Updated: Aug 28
I saw this post in a facebook group today and the way it was worded got me worked up.
Let’s talk about auto feeding calves!
The biggest flaw with the auto feeders is that people get them to save time. You will spend just as much time with your moos for chores folks. You will just be doing different tasks.
Before investing make sure your feeding program will allow you to successfully feed calves on this and your source of calves is appropriate.
If you are not feeding a high plane of nutrition you will have problems with calves suckling on each other and the bigger calves pushing smaller ones out of the way to steal their milk. The computer will think the smaller calves got their milk when they didn't. Smaller weaker calves can't afford to skip a feeding. It can be a costly mistake for that calf and your wallet to trust data from a machine that was missmanaged. Calves suckling on sacks, ears, and navels leads to navel infections, and manure meals.
Be prepared to bottle feed the first few feedings to teach the calf to drink properly and then fetch the moo to teach it to drink from the feeder.
Put the feeder in an area with good drainage were it can easily be cleaned. Not just the nipple, but the ground where the calves stand so you don't have issues with slop. Manure getting kicked up onto the nipple is a quick way to give your calf scours. A raised floor pad has been found to be helpful to prevent manure build up.
Calves should be penned individually the first 14 days to get a good start, but this is even more important if you are getting them from sale barns or multiple sources. If you are not sourcing calves straight from a dairy with a solid foundation under them keeping them separate for at LEAST 14 days is recommended or however long it takes for you to vaccinate the calves to prevent spread of illness when they are grouped together. Diseases like Salmonella Dublin are not forgiving. It only takes one calf to carry it to your herd before you have no moos and a heavy vet bill. The calves that survive an event like that will likely not be profitable or perform for you.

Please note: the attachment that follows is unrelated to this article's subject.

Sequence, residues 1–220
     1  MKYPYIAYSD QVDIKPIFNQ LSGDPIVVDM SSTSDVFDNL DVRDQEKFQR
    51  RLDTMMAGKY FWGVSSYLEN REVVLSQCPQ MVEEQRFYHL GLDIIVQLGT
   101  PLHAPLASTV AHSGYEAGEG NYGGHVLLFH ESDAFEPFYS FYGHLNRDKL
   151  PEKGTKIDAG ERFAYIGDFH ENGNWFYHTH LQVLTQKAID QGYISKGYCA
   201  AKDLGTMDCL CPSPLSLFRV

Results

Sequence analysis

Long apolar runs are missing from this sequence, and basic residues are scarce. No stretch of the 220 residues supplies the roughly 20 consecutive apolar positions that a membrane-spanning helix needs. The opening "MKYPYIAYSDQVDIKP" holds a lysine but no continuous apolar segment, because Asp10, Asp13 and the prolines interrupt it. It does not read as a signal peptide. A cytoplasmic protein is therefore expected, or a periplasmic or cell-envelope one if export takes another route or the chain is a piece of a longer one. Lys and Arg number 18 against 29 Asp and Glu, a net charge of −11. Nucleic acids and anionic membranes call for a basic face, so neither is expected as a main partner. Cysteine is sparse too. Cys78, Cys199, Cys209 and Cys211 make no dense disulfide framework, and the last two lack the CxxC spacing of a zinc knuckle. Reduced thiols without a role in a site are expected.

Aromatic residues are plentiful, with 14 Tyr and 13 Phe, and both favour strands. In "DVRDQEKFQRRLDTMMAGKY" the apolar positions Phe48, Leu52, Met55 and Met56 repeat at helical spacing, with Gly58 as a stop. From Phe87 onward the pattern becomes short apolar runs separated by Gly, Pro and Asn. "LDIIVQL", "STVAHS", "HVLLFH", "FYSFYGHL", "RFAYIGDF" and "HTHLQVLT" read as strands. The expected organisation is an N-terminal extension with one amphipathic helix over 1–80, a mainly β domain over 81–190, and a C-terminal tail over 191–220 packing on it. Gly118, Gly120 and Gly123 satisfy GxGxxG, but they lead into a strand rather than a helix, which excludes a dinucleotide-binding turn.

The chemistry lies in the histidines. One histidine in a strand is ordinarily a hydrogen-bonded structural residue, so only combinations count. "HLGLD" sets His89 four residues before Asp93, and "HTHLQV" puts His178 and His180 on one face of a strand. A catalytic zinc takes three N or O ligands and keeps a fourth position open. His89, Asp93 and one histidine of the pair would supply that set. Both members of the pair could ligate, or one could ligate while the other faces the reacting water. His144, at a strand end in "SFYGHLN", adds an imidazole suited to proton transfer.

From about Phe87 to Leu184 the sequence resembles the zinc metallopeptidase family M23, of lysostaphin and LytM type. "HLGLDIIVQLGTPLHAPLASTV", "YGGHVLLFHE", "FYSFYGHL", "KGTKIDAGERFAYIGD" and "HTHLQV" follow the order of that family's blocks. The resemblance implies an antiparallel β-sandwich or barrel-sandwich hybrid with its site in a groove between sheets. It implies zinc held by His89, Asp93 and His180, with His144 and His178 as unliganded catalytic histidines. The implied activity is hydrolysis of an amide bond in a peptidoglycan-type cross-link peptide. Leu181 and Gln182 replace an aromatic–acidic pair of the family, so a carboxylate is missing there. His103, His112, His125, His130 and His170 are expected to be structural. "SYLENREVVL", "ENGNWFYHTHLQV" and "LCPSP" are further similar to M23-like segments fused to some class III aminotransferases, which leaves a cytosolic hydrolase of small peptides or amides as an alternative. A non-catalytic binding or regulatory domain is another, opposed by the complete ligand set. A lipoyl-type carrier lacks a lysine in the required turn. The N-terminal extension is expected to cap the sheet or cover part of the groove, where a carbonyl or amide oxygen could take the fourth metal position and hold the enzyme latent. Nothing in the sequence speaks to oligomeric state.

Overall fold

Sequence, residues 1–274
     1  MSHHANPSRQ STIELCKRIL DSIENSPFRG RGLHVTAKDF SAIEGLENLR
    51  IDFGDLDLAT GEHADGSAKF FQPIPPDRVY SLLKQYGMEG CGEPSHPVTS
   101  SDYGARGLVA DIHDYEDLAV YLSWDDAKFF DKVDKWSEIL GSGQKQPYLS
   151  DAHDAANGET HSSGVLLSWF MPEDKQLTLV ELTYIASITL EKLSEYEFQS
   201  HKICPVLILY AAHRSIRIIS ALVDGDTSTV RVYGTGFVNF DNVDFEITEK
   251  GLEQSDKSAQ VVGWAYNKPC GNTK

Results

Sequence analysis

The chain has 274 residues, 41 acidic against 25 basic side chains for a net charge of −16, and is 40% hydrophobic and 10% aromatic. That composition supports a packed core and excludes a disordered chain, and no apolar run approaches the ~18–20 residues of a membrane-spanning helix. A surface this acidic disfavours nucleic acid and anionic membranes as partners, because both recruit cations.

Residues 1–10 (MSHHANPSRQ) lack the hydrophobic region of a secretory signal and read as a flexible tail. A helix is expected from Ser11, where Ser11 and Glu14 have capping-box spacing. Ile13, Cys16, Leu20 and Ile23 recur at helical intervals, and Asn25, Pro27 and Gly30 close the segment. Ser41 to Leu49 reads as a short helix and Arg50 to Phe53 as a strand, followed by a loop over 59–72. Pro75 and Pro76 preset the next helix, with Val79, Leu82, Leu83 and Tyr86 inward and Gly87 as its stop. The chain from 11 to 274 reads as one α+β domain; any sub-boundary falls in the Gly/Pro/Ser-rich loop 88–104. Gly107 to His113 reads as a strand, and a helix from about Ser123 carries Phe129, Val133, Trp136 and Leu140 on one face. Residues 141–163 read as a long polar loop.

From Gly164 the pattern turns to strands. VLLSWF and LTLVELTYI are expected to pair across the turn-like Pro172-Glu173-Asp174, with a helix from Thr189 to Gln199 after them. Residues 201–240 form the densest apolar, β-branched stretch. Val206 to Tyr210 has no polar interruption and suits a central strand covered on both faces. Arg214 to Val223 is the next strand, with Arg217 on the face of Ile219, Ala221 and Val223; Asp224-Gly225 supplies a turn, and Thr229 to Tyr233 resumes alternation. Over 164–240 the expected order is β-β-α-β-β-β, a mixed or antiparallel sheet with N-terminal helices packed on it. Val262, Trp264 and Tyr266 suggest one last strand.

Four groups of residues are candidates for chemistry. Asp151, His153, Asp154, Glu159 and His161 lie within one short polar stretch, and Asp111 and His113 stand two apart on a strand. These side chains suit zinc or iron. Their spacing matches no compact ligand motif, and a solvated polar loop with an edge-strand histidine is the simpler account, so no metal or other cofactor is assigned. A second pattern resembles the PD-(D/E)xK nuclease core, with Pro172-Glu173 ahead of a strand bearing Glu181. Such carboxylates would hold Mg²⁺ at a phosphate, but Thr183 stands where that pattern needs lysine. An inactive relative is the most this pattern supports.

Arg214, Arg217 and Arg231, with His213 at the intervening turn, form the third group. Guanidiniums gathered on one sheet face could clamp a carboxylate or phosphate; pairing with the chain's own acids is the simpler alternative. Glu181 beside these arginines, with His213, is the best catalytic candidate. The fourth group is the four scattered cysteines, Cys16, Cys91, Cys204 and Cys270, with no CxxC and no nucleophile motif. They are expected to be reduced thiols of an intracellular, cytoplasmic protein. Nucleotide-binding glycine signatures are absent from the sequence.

Be sure to budget for new nipples and hoses regulary. Cleaning and maintenance of the machine will make or break your operation.
Do your research and learn what to look for when reading the data back. Suckling speed and amount of milk consumed will tell you so much about your moos.
Don’t over crowd the pen. Seeing a long line of moos waiting on the feeder is not ideal.
Separating sick calves off is necessary! So you will need space and time to properly care for those sick moos too!
Keeping track of grain will be a challenge you will have to figure out before you wean. Feeding Ab Lim is a great way to solve many of the problems mentioned above, but has its downsides. Calves will need to be on milk longer and have a longer weaning time because of the reduced starter intake. Rumen development needs to be there before you wean or the calves will fall back. Weaning a 250 pound calf means nothing if it loses 25 pounds trying to adjust because the starter intake was not there.
Walking calves and observing calves first hand will be even more important! Catching things early is the key to a quick turn around.
That first 60 days of a calf’s life will define it all the way through. If you get the calves started right with whatever method you choose they will finish out faster and perform better in the parlor!
If managed properly auto feeders can be quite handy, but often health issues arise after installation because the feeder does not have realistic expectations and protocols in place to use them successfully. The auto feeder will provide some flexibility with timing of chores, but keep in mind calves thrive with consistency. Consistency is KEY.
MOST IMPORTANTLY THESE ARE NOT A SUBSTITUTE FOR YOU DOING CHORES. Calves still need time and attention!